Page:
After DADT Repeal, What Change Looks Like

"I never thought I'd see the day," Air Force Intelligence Officer Ginger Wallace told the Washington Blade earlier this month. Colonel Wallace entered the military in 1990, and for the vast majority of her career, she knew that because of "Don't Ask, Don't Tell," she could be fired at any time, just for being a lesbian.

But times have changed. As Colonel Wallace prepares to deploy to Afghanistan in the spring, she can serve the country she loves, without hiding who she loves. In fact, when she was recently promoted, she invited her partner Kathy to pin her new rank to her jacket in a ceremony at the Pentagon -- without risking her career, or facing an investigation.

It's been exactly one year since President Obama signed the law repealing "Don't Ask, Don't Tell," and when we hear stories like Colonel Wallace's, we are reminded that when we work together, we have the power to change our country for the better. When it came time to end discrimination against gays and lesbians in the military, President Obama showed true leadership, the Pentagon completed a thorough and transparent planning process, a broad coalition of advocates made their voices heard, and Congress acted. Because they did, lesbian and gay service members will no longer be required to live a lie in order to help protect our country.

In his remarks at the signing ceremony one year ago, President Obama spoke about one of his visits to Afghanistan. "A young woman in uniform was shaking my hand," he said, "and other people were grabbing and taking pictures. And she pulled me into a hug and she whispered in my ear, 'Get 'Don't Ask, Don't Tell' done.' And I said to her, 'I promise you I will.'" To me, that story encapsulates President Obama's compassion, conviction, and determination.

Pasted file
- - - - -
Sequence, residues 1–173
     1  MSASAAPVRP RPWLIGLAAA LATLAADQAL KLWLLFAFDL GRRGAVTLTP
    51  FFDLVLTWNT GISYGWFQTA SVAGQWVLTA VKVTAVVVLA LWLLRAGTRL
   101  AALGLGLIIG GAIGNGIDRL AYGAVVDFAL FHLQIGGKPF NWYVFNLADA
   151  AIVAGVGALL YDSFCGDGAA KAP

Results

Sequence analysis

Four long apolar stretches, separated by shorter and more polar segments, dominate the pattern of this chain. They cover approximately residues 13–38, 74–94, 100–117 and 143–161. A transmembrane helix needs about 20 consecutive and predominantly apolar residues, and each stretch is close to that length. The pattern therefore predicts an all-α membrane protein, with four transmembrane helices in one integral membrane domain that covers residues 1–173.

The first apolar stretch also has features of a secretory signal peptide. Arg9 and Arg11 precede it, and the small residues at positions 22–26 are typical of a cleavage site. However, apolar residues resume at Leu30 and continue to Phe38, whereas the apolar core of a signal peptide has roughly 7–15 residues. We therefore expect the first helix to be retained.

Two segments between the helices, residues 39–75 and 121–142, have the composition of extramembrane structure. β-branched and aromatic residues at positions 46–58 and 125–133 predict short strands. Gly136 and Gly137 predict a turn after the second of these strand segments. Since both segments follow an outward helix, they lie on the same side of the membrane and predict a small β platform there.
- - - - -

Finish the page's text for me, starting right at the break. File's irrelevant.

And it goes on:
Over the past year, the Pentagon implemented the new law, yet again demonstrating the professionalism and class that we have come to expect from the world's finest fighting force. Because they did so, "Don't Ask, Don't Tell" was completely repealed in September, and we are hearing more and more inspiring stories. For example, there's Captain Matthew Phelps, who blogged about bringing his date Brandon to this year's Marine Corps Birthday Ball. And on the White House web site, we've compiled many more stories about what this day means.

As President Obama has said, "Change has never been quick. Change has never been simple, or without controversy." But when we see pictures of Colonel Wallace and Kathy, or Captain Smith and Brandon, we know what change looks like.

Of course, ending DADT is only one part of an ongoing commitment to keep our nation safe and staying true to our values. This month, President Obama brought the war in Iraq to a close. As our troops come home, we are determined to serve all our veterans as well as they've served our great country.

And today, we're reminded that when we work together to make our union more perfect, change is not just possible, but inevitable. On this historic anniversary, we look forward to continuing to work with all those who love our country, and seek a more perfect union.